On Thu, Apr 28, 2011 at 3:01 AM, Nick Coghlan <email@example.com> wrote: .. > The status quo works. No it does not. I am yet to see a Python program that uses non-reflexivity of NaN in a meaningful way. What I've seen was either programmers ignore it and write slightly buggy programs ("slightly" because it is actually hard to produce a NaN in Python code) or they add extra code to filter out NaN values before numbers are compared. > Proposals to change it on theoretical grounds have a significantly higher bar to meet than proposals > to simply document it clearly. Documenting the status quo is necessary for any proposal to change.
|msg134656 - (view)||Author: Nick Coghlan (ncoghlan) *||Date: 2011-04-28 07:26|
By "works" I merely meant that you can currently achieve both of the following: 1. Write fully conformant implementations of IEEE754 floating point types, including the non-reflexive NaN comparisons (keeping in mind that, as a value-based specification, "same payload" is the closest IEEE754 can get to "same object") 2. Explicitly force reflexivity when you need it, either by filtering out nonconformant values, or by checking identity before checking equality. The "pure" equality-tests-are-always-reflexive approach advocated by Meyer rules out option 1. Given that one of the use cases for Python is to prototype algorithms that are later translated to C or C++, formally disallowing that use case would be problematic.
|msg134659 - (view)||Author: Glenn Linderman (v+python)||Date: 2011-04-28 07:40|
Nick says (and later explains better what he meant): The status quo works. Proposals to change it on theoretical grounds have a significantly higher bar to meet than proposals to simply document it clearly. I say: What the status quo doesn't provide is containers that "work". In this case what I mean by "work" is that equality of containers is based on value, and value comparisons, and accept and embrace non-reflexive equality. It might be possible to implement alternate containers with these characteristics, but that requires significantly more effort than simply filtering values. Nonetheless, I totally agree with msg134654, and agree that properly documenting the present implementation would be a great service to users of the present implementation.
|msg134660 - (view)||Author: Alexander Belopolsky (belopolsky) *||Date: 2011-04-28 07:55|
On Thu, Apr 28, 2011 at 3:26 AM, Nick Coghlan <firstname.lastname@example.org> wrote: .. > 1. Write fully conformant implementations of IEEE754 floating point types, including the non-reflexive NaN comparisons > (keeping in mind that, as a value-based specification, "same payload" is the closest IEEE754 can get to "same object") > If being "fully conformant" with various IEEE standards was a design goal for Python, we would have leap seconds in the datetime module. :-) Python builtin float equality being reflexive does not in any way inhibits anyone's ability to *write* a fully conforming implementation. In fact, if we ever get arithmetic operations implemented for ctypes types, I would argue that c_double comparison of c_double values would need to be changed to match C behavior. (I am +0 on changing that even without implementing arithmetics.) I realize, however that by "status quo" you mean container operations not calling __eq__ on identical objects. I agree that this should not change. Making float comparison reflexive will actually make this feature less controversial.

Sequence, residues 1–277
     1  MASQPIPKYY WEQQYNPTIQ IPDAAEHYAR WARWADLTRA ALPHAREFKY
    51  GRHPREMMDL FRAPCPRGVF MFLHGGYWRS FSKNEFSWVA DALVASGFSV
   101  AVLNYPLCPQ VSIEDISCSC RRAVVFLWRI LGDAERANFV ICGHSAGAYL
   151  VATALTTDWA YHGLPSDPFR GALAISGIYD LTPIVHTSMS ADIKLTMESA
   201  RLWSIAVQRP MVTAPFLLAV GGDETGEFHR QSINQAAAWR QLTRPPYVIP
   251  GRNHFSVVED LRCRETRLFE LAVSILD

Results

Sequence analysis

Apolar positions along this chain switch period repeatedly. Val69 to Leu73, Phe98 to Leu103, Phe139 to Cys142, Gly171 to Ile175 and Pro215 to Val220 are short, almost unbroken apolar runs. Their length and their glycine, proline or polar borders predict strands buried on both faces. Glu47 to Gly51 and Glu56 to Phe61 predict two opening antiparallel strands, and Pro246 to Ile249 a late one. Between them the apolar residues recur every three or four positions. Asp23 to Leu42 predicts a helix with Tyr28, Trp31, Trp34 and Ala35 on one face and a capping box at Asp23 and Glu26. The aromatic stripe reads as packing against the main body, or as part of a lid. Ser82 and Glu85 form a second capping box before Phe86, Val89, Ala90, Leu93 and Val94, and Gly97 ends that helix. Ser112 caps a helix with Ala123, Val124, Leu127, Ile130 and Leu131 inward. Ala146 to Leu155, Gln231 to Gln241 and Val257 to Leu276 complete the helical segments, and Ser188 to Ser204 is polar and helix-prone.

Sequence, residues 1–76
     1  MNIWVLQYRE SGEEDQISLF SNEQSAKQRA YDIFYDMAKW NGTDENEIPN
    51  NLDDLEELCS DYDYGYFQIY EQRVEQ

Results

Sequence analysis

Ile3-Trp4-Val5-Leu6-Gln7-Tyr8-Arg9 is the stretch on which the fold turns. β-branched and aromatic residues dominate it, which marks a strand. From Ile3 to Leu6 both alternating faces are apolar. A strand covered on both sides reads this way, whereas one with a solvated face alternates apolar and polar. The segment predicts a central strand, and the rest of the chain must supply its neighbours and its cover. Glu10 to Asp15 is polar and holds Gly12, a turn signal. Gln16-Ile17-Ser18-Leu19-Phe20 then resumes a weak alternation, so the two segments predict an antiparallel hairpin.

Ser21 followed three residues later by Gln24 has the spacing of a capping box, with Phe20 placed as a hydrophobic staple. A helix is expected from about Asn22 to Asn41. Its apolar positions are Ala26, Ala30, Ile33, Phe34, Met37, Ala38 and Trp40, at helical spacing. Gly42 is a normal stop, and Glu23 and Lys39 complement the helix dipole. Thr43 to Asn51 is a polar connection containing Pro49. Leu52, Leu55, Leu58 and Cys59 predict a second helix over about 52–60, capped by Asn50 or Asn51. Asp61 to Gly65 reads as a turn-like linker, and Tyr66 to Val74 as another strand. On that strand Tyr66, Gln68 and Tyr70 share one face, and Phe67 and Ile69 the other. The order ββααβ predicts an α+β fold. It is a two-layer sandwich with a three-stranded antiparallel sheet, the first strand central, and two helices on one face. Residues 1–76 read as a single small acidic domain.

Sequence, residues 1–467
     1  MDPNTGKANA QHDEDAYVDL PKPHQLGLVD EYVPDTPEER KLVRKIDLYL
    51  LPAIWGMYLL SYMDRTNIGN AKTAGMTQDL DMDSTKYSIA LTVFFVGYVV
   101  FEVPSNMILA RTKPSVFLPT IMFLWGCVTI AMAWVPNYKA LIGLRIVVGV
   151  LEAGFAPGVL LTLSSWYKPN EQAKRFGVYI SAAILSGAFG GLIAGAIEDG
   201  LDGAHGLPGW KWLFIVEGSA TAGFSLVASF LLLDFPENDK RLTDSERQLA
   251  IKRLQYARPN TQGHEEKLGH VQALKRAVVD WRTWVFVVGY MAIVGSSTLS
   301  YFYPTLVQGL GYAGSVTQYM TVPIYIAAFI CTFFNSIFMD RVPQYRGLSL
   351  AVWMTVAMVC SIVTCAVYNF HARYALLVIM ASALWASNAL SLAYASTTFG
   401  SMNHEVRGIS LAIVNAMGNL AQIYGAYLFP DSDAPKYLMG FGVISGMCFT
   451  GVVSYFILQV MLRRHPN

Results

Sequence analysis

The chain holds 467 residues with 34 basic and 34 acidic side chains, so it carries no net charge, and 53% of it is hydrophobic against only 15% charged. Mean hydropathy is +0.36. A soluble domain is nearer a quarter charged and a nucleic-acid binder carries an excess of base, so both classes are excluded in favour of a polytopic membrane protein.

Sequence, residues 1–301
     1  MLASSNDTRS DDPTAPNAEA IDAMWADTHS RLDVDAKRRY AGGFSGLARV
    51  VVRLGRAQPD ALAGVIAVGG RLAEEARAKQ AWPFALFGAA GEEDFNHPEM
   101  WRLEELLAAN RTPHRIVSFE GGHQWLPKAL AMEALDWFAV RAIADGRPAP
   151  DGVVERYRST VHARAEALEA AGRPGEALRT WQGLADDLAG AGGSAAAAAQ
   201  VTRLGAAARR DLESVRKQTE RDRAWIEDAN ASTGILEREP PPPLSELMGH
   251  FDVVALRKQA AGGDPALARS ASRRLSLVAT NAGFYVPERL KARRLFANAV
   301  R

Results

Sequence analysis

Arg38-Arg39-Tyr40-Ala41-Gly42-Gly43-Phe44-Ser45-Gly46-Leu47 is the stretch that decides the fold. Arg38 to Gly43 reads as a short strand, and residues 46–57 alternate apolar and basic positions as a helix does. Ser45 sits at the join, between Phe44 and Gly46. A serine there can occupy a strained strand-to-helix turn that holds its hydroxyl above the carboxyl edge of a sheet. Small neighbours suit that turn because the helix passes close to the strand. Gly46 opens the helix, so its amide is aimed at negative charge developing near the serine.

|msg134715 - (view)||Author: Terry J. Reedy (terry.reedy) *||Date: 2011-04-28 19:30|
To repeat concisely what I said on pydev list, I think Reference 5.9. Comparisons, which says "Tuples and lists are compared lexicographically using comparison of corresponding elements. This means that to compare equal, each element must compare equal and the two sequences must be of the same type and have the same length.". needs 'be indentical or ' added before 'compare equal and ...' "Mappings (dictionaries) compare equal if and only if they have the same (key, value) pairs." may be ok, depending on how one interprets 'same (key, value) pairs'. Alexander has opened a separate issue to change behavior in 3.3.
|msg134729 - (view)||Author: Nick Coghlan (ncoghlan) *||Date: 2011-04-28 23:18|
After further discussion on python-dev, it is clear that this identity checking behaviour handles more than just NaNs - it also allows containers to cope more gracefully with objects like NumPy arrays that make use of rich comparisons to return something other than simple True/False values for equality checks. Also, since I neglected to mention it in the initial post, merely *adding* the glossary entry is just the first step. It then needs to be referenced from the appropriate points in the language and library reference.
|msg134730 - (view)||Author: Nick Coghlan (ncoghlan) *||Date: 2011-04-28 23:28|
Scratch the first half of that last comment - Guido pointed out that false positives rear their ugly head almost immediately if you try to store rich comparison objects in other containers.
|2011-04-28 23:28:43||ncoghlan||set||messages: + msg134730|
|2011-04-28 23:18:09||ncoghlan||set||messages: + msg134729|
messages: + msg134715
|2011-04-28 07:55:05||belopolsky||set||messages: + msg134660|
|2011-04-28 07:40:07||v+python||set||messages: + msg134659|
|2011-04-28 07:26:49||ncoghlan||set||messages: + msg134656|
|2011-04-28 07:16:33||belopolsky||set||messages: + msg134655|
|2011-04-28 07:07:14||rhettinger||set||assignee: docs@python -> rhettinger|
nosy: + rhettinger
|2011-04-28 07:01:48||ncoghlan||set||messages: + msg134654|
messages: + msg134651
messages: + msg134646
|2011-04-28 03:50:38||ncoghlan||set||messages: + msg134640|